Canoeing through the Hoces del Duratón gorges



Just over an hour from Madrid, you’ll find a landscape that seems impossible: Hoces del Duratón. Navigating the tranquil waters of these narrow gorges, carved out by the river, is an unforgettable experience. Not only due to the outstanding beauty of the spot, but also to its ecological value, as one of Europe’s largest breeding areas for birds of prey.

Just an hour and twenty minutes from Madrid, the Hoces del Río Duratón Nature Reserve is in the province of Segovia. For thousands of years, the river has eroded a dramatic canyon, creating a unique setting of sharp bends, huge gullies and tall cliffs – reaching over 100 metres in some areas. The striking contrast between the ochre limestone and the green riverside woodland is just one of its beauties. And this space is also an important environmental reserve for birds of prey, and one of their largest European breeding areas. Let the calm waters of the Duratón guide you through this delightful adventure while you enjoy a natural paradise, full of magic and mystery.

The entrance to the Nature Reserve is in Sepúlveda, which can be reached by bus from Madrid or Segovia, all year round, from Monday to Saturday. Once there, your best bet is to go to the Tourist Office, where the staff can tell you which companies organise the boat tours, starting in the nearby village of Sebúlcor, where the navigable part of the river begins. This is 15 kilometres from Sepúlveda, but don’t worry if you don’t have your own car: you can phone the company and they will pick you up and take you to the starting point in Sebúlcor. After forming small groups and explaining how to handle the canoes, the monitors take you by car to the jetty, and the adventure begins.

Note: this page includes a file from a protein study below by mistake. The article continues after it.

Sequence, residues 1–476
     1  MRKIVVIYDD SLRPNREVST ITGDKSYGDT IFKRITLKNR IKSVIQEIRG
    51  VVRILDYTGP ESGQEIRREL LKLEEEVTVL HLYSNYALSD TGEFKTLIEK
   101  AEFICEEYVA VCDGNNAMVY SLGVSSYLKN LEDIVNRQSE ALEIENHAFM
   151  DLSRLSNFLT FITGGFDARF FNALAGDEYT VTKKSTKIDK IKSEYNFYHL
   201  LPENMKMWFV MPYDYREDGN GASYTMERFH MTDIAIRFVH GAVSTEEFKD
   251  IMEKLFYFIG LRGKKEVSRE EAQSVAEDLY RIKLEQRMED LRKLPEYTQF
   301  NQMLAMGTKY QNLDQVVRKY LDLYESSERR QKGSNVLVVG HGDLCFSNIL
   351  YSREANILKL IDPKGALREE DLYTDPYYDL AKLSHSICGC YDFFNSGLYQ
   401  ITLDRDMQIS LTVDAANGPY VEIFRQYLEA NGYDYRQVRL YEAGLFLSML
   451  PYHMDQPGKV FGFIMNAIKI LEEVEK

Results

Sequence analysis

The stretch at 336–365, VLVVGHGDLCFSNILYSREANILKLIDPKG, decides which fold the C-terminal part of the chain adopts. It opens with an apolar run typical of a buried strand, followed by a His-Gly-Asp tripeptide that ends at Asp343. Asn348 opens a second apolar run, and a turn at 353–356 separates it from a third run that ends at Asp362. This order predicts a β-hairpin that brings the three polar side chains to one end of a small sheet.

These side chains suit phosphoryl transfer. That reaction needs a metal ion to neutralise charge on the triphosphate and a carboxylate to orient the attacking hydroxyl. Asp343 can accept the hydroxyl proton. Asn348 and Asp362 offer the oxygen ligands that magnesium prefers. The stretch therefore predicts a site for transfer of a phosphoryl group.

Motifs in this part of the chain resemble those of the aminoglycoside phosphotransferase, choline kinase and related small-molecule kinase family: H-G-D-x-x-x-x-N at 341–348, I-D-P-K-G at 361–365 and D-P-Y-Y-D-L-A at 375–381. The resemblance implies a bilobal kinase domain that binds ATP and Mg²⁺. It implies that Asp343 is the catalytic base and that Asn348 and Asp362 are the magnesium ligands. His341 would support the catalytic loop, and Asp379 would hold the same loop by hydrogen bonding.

The winding route is 25 kilometres long and takes about three and a half hours by canoe, with stops at the most interesting points, where the monitor will tell you about local history, legends and fun facts. The tranquil pace gives you plenty of time to admire the lush woodland, the spectacular rocky cliffs, the ruins of the 13th century Monastery of La Hoz, and the majestic flight of the birds of prey. Among the many species in the area, you may see griffon vultures, golden eagles or peregrine falcons.

After stopping to walk up to the 12th century Romanesque country chapel of San Frutos, the route continues back to the starting point, where the tour ends. A final tip: don’t forget to bring water to drink, a snack, comfortable clothes, and spare shoes and socks. In warm weather, bring a swimsuit, towel and T-shirt as well, in case you fancy a swim. This is a unique opportunity to experience nature close up, enjoying the great beauty and grandeur of this landscape.

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